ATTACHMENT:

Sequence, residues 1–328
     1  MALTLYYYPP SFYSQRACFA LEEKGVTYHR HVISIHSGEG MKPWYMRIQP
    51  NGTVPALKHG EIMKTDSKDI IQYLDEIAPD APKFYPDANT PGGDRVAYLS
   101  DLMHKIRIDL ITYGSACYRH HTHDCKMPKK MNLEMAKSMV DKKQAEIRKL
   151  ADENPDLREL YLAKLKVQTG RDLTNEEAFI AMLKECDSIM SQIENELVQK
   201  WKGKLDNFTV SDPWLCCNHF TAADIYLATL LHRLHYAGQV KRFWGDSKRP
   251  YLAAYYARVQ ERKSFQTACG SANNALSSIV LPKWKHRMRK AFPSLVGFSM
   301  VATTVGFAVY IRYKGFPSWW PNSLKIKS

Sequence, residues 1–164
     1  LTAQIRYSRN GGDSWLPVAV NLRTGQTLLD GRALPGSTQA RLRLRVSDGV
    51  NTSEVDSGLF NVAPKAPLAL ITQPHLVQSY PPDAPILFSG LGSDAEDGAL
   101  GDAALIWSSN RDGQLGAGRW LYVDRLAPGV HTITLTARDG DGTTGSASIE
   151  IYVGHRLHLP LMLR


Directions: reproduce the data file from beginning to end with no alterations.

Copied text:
Sequence, residues 1–328
     1  MALTLYYYPP SFYSQRACFA LEEKGVTYHR HVISIHSGEG MKPWYMRIQP
    51  NGTVPALKHG EIMKTDSKDI IQYLDEIAPD APKFYPDANT PGGDRVAYLS
   101  DLMHKIRIDL ITYGSACYRH HTHDCKMPKK MNLEMAKSMV DKKQAEIRKL
   151  ADENPDLREL YLAKLKVQTG RDLTNEEAFI AMLKECDSIM SQIENELVQK
   201  WKGKLDNFTV SDPWLCCNHF TAADIYLATL LHRLHYAGQV KRFWGDSKRP
   251  YLAAYYARVQ ERKSFQTACG SANNALSSIV LPKWKHRMRK AFPSLVGFSM
   301  VATTVGFAVY IRYKGFPSWW PNSLKIKS

Sequence, residues 1–164
     1  LTAQIRYSRN GGDSWLPVAV NLRTGQTLLD GRALPGSTQA RLRLRVSDGV
    51  NTSEVDSGLF NVAPKAPLAL ITQPHLVQSY PPDAPILFSG LGSDAEDGAL
   101  GDAALIWSSN RDGQLGAGRW LYVDRLAPGV HTITLTARDG DGTTGSASIE
   151  IYVGHRLHLP LMLR